The Vox AC-50/4 Mk III "Big Box" Diode Rectified Head

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The Vox AC-50/4 Mk III was the second in a series of three
versions of the AC-50 "Big Box" amp head. The production of the three "Big Box" models at JMI spanned the period from late 1964 through 1967. The "Big Box" AC-50 models replaced the single channel "Small Box" AC-50 Mk I heads made in 1963 and 1964.

The Evolution of the "Big Box" AC-50 Models
The first of the "Big Box" heads was introduced in the latter part of 1964. It was depicted on JMI Vox Schematic #OS/053 and was called the "AC-50/4 Mk II." The circuit added a second channel while retaining the GZ-34 tube rectified power supply from the Mk I "Small Box" models. This dual channel chassis was also installed in a few of the Mk I "small box, thick edge" cabinets during the model transition.

The AC-50/4 Mk II was replaced in 1965 by the two channel, diode rectified "AC-50/4 Mk III," detailed on JMI Vox schematic #OS/072. Vox offered the AC-50/4 Mk III, the subject of this web page, through late 1966. Aside from a diode rectified power supply and the location of the bias adjustment pots for the output tubes, the Mk III was virtually identical to the AC-50/4. The AC-50 Mk III is probably the most common of all of the AC-50 models.

The AC-50/4 Mk III was as well replaced in 1966 with the dual channel "AC-50 Mk IV," detailed on JMI Vox schematic
#0S/163. The primary difference between the Mk III and Mk IV versions of the amp was a tube change in the first stage of the preamp. The Mk IV replaced the 12AU7 tube formerly used in the first position of the preamp with a 12AX7. The higher gain offered by the 12AX7 preamp tube allowed the Mk IV to be both louder and more easily overdriven than previous AC-50 models. This helped to change the reputation of the AC-50 from a "clean and chimey" amp to one better suited to the overdriven sounds popular in the later 1960s.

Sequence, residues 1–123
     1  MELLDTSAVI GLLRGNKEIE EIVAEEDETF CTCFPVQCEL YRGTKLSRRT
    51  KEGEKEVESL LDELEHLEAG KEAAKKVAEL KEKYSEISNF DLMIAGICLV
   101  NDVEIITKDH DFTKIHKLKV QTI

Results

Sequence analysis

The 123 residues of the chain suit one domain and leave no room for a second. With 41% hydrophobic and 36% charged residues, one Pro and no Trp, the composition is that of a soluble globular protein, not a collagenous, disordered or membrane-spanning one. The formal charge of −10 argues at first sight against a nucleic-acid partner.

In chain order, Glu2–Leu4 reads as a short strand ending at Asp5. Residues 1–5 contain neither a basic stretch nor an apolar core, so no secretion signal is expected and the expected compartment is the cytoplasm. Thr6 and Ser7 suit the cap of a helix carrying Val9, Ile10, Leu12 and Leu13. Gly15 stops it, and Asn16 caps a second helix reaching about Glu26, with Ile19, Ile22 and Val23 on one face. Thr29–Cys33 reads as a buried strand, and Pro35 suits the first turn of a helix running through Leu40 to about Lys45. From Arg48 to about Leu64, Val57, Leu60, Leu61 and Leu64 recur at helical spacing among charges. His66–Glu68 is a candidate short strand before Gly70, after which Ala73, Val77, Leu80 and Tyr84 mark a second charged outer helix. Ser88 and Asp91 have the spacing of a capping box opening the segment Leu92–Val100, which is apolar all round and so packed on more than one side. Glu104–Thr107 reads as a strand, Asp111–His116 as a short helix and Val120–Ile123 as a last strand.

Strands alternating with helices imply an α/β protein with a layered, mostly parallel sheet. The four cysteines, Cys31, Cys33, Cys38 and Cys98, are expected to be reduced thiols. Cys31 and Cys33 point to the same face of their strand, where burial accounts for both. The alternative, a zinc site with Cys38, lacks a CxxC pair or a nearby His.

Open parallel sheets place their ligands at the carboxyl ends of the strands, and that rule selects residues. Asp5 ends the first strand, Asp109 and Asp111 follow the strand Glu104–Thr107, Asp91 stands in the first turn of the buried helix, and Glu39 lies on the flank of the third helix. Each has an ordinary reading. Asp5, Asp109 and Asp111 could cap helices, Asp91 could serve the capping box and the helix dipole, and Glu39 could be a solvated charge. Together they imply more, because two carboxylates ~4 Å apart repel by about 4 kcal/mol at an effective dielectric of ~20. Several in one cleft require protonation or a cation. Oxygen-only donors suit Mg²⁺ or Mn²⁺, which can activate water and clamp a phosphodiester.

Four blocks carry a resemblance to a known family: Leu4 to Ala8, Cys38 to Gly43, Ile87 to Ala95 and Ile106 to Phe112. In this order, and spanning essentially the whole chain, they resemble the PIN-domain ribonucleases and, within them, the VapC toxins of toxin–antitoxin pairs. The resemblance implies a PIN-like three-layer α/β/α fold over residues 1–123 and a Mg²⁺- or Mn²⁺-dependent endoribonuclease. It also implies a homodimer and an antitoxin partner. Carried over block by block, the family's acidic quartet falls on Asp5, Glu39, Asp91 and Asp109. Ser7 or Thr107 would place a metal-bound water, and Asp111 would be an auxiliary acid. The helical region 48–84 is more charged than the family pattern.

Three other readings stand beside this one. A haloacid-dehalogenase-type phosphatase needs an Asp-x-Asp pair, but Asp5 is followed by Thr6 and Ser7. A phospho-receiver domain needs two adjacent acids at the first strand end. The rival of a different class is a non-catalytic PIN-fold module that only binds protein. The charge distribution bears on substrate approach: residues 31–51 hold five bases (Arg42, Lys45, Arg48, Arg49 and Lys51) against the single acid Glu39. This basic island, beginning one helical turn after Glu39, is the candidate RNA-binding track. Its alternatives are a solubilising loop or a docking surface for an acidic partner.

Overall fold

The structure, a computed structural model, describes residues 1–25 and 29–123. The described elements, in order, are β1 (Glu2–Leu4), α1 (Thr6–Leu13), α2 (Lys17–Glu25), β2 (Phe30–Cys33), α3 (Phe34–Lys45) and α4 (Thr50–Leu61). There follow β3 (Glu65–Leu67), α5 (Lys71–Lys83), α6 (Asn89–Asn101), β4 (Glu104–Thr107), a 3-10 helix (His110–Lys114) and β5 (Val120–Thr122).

The "Big Box" Head Cabinet
The "Big (or Tall) Box" head cabinet used on Mk II, Mk III and MkIV AC-50 amps offered a number of benefits. Most obviously, it provided a storage area in the rear of the amp for the power and speaker cables. The "Big Box" cabinet also allowed the chassis to be mounted to a "slider board" for ease in service. To service the chassis, one only needed to remove six back screws, remove the rear panel and slide the chassis out of the cabinet like a drawer. By comparison, the chassis was bolted to the bottom of the small box AC-50 cabinets.
JMI considered the addition of a reverb circuit to the AC-50 "Big Box" head. This circuit, detailed on JMI schematic OS/75, would resemble the reverb installation on the Vox AC-30SRT head. Two controls would be mounted in a hole in the back panel and a reverb pan would be suspended from the bottom of the slider board. However, the rapid development of the Vox UL "hybrid" models during 1966 probably caused Vox to abort this plan.

AC-50 "Big Box" Slider Board

A common fallacy surrounding the "Big Box" amp cabinet is that it's larger size provided the chassis with better ventilation than the "Small Box" AC-50 cabinet. This is not the case. While the "Big Box" cabinet is indeed larger, the slider board provided a partition that made the chassis compartment of the "Big Box" cabinet the same size as the "Small Box" cabinet.

The AC-50 slider board had four oval shaped vent holes located near the outer edges of the board. Unfortunately, these vent holes significantly weakened the slider board at the point where it slips into the cabinet rails. This weakening has caused many of these slider boards to snap under the weight of the amp chassis. Should this occur, the chassis and control panel drops inside the cabinet. North Coast Music offers a replacement AC-50 slider board to correct this problem.

The AC 50 Mk III and Mk IV amp heads would typically have black Vox grill and use the later, "three field" Vox Amplifier serial plate, as shown at right. This serial plate was installed on JMI amps produced from 1965 to 1967. It is a fairly safe bet that an AC-50 amp head with this "three field" serial plate is one of the diode rectified AC-50 models.

Dual Channel Preamp Design